Matthew writes through an advanced agrarian worldview (30). The agrarian societies of the past provided challenging structures to those dependent on bodily strength. The industrialized societies of recent times have created opportunities for the marginalized (35-41). Matthew is at home in this world (why wouldn’t he be? [62]) and Jesus illustrates truth through the household model (41-49). Love highlights the deviation from the expected structures through Jesus elevation of children, servanthood, and women (49-51, 61). The focus on women is where Love takes his study. Women are brought out as “symbolically significant” to challenge and reflect God’s intentions and transformative mission in the world (61-63, 66, 96)[ii].

Chapter three lays the further groundwork for Love’s study of the four women in Matthew. It is apparent that women had many excluded functions (especially in public) in the agrarian society both in Roman and Jewish contexts. (64-76). The religious leaders are very at home in the agrarian world of male dominated structures (92). Love argues that Matthew’s reference to “disciples” refers to males (responsible to teach) but does not degrade women or exclude them from being defined as responding followers of Jesus (77-82).

Another social group in Matthew’s Gospel which included women are the mentioning of crowds (87, 93). It was noted that Matthew alone is the one to mention that the tax collectors and prostitutes also known as sinners would be included in the Kingdom of God (82-83, 154). The evidence that Jesus gives dignity to women is provided in His defense of them and the constructive criticism he has of some excepted male behavior (87).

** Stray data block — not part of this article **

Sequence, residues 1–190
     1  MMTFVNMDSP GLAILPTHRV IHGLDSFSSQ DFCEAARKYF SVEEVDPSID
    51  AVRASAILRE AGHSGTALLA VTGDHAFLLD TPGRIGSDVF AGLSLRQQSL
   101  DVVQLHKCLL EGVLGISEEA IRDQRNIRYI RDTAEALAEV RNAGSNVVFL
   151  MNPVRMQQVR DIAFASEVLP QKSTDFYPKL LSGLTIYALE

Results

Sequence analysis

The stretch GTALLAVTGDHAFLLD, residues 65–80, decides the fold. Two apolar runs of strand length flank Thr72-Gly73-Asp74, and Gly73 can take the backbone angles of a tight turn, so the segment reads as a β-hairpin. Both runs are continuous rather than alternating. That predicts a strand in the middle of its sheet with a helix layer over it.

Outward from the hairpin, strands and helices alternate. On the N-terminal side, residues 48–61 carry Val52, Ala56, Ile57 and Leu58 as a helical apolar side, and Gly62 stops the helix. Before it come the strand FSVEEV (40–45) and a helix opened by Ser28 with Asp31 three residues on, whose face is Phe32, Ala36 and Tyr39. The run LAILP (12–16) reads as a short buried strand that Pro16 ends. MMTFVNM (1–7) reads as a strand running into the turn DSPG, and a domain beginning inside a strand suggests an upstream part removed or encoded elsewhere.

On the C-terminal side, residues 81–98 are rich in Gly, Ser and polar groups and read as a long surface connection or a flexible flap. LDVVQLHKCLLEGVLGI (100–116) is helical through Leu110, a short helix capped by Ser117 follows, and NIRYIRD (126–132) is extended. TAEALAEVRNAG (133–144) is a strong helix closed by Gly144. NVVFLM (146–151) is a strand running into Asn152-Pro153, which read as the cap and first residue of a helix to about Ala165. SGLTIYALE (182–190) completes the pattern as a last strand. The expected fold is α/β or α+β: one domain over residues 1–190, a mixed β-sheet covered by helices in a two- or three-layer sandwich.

Chapter five explores the bleeding woman and the resurrection of the leader’s daughter. Love explains that both of these stories dealing with healing in public and private settings speak to Matthew’s community (115, 128). In both stories we find Jesus restoration of bodily function, removal of shame, and full life to a girl on the opposite social spectrum of the hemorrhaging woman (127-129, 132-136). These stories speak to those experiencing Jesus’ miracles and also Matthew’s community faced with how to think about heaven come on earth.

Chapter five dives into the healing of the Canaanite’s daughter. Love again rethinks the historicity of the event and concludes that it was constructed for early missionary purposes… which I am not sure that I agree (138, 158). The woman is one that is deemed culturally marginalized, and Love concludes that there is still a mission to non-Israelites (Matt. 28:18-20 [146-148]). Jesus’ “mission has been complicated” by this event/woman… and “he has extended the core value of mercy and crossed over his own defined limit to “go nowhere among the Gentiles” (10:5) [157].